# A statistics teacher’s New Year’s Resolution

Hello All, and welcome to the New Year with Statistical Sage. 2010 was our first year. We began modestly in June. By the end of July, every day two or three people would stumble upon our web site. By November, that number was well over 20 every day, with some days attracting 40 or more visits. That level of intensity remained even as we approached the end of semester, much to my surprise. So, it will be exciting to see what 2011 has in store of us.

I suppose my first New Year’s resolution is that the Sages and I will continue to provide our experience regarding the teaching of statistics, integrating information from both the literature and our years in the classroom. Of course, resolution are probabaly suppose to require more effort and not be so much fun, right? I guess that makes this not much of a resolution.

Now, exercising as a new year’s resolution … that would be a challenge for me. Yet, with each passing year and recognizing the importance that good cardiovascular health has on one’s cognitive function and how exercise helps increase a person’s energy, energy that is needed in the class room … I suppose I must list this as a resolution.

I am hoping that through our discussions on these pages that I will be able to formulate two articles suitable for publication during 2011.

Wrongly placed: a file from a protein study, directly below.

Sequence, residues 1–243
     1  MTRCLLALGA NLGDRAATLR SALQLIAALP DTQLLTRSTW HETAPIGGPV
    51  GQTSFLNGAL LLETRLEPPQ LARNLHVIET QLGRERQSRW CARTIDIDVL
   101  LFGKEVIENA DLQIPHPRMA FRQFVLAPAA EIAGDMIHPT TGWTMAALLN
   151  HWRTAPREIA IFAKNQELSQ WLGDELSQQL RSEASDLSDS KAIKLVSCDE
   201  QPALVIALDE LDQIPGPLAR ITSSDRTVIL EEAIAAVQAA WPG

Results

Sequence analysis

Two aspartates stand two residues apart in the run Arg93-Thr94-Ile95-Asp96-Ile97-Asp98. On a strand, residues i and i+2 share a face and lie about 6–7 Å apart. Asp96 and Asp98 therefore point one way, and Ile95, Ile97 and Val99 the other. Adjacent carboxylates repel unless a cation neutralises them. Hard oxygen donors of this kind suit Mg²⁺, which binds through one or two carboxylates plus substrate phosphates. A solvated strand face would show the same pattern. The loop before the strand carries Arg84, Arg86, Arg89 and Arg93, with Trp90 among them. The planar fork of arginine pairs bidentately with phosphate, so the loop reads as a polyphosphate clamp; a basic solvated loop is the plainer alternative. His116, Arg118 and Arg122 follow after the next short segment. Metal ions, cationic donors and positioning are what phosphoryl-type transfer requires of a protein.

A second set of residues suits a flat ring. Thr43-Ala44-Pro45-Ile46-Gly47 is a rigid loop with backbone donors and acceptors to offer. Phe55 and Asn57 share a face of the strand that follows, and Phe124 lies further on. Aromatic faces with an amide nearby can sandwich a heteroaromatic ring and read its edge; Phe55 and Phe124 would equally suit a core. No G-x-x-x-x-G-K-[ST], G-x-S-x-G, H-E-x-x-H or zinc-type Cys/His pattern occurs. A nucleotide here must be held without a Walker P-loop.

Finally, 2011 is the year I will be applying Mathematica demonstrations to my teaching! My goal for the spring semester is to identify and use at least 5 Mathematica demonstrations and make them available to students electronically via Desire 2 Learn (ESU’s course delivery system du jour). I also hope to make them available to everyone at Statistical Sage as well. For Fall 2011, it is my goal to identify Mathematica demonstrations for all of the concepts I teach.

I do hope those of you who are reading Statistical Sage resolve to visit us again and again throughout the year. I also hope many of you begin to actively participate in our discussions. There is something to be said for having an opportunity to discuss teaching with others who teach the same courses. So, please, make 2011 the year you join us!

Of course, I do wish you and your families* all a healthy*, happy*, and prosperous* 2011!

* Feel free to operationally define these variables in any manner you desire!